IT IS, indeed, disappointing that workers of most of the apparel factories are yet to get their festival allowance although the Bangladesh Garment Manufacturers and Exporters’ Association promised, earlier on August 16, that allowances would be paid by August 24. As the Industrial Police data show, about 20 per cent of the factories have so paid the festival allowance to the workers by August 24 while labour leaders said that the compliant factories that paid the allowances by that time would not exceed 10 per cent. According to the regional Industrial Police office, there are 1,073 industrial units, apparel and non-apparel, in the Ashulia zone and only 343 factories of them paid festival allowance. Taking into consideration the data, one can infer without any hesitation that the payment of the festival allowance to the workers by apparel factories is unsatisfactory as most of the owners failed to keep their promise to make the payment by August 24. It has always been difficult to repose full trust in the words of most of the owners that they would pay the festival allowance to their workers before Eid.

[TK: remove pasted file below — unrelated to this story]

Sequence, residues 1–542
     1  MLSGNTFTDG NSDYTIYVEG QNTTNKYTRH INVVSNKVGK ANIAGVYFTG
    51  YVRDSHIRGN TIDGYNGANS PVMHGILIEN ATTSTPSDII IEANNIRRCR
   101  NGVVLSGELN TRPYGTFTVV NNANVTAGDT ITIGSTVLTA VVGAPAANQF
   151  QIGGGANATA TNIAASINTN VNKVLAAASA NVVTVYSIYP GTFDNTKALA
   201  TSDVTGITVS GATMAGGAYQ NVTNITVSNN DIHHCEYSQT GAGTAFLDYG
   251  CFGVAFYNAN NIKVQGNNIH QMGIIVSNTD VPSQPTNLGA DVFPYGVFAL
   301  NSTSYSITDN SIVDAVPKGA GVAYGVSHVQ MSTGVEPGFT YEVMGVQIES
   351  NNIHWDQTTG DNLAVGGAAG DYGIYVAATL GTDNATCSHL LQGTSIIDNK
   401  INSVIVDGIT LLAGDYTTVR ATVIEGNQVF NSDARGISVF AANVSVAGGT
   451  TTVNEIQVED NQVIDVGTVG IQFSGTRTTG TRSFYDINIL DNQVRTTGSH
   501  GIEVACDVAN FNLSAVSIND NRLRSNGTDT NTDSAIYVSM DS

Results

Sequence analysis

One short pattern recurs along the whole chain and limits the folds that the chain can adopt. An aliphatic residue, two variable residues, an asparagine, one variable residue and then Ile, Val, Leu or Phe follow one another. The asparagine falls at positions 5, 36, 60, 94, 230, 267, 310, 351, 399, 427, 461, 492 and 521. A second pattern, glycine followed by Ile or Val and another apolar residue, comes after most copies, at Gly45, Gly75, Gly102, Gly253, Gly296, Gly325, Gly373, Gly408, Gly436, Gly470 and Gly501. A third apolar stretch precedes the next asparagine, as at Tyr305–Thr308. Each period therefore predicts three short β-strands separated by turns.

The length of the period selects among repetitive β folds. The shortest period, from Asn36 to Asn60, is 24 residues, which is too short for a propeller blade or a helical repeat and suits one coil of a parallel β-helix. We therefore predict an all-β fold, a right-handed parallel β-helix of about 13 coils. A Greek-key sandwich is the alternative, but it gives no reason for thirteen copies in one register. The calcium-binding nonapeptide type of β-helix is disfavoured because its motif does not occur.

It was noticed in the recent past that most employers keep reneging on commitments and resorting to extraneous methods to suppress worker rights. One may recall that some factory owners’ non-payment of wages and allowances to their employees by the deadline at other times in the past prompted workers to hold protests, which in some cases turned violent, causing inconvenience to people. The workers who had expected to get paid by the deadline did not get the money. They could very well go on demonstrations before Eid. They stand the risk of passing their Eid starving, holding protests, with their families, living in outlying districts, ill-fed or half-fed. The owners need to realise that most of the workers, with females accounting for about 80 per cent, would need a day or two to travel to outlying areas to spend Eid with family and friends. As such, they needed the money by the deadline so as to have sufficient time for the travel and for buying clothes and food for their families.
As evidenced in the past, many factory owners have what could very well be termed an organic aversion to the idea of improving the workers’ standards of living with substantial increase in their pay and perks. One is, therefore, uncertain if all the factory owners will pay the workers their festival allowance before Eid-ul Adha. Under the circumstances, the government must do what it needs to see that the workers of apparel factories are paid their allowances before the festival by the owners. The BGMEA authorities also need to play their role to make this happen in the interest of the workers, who struggle to make their ends meet.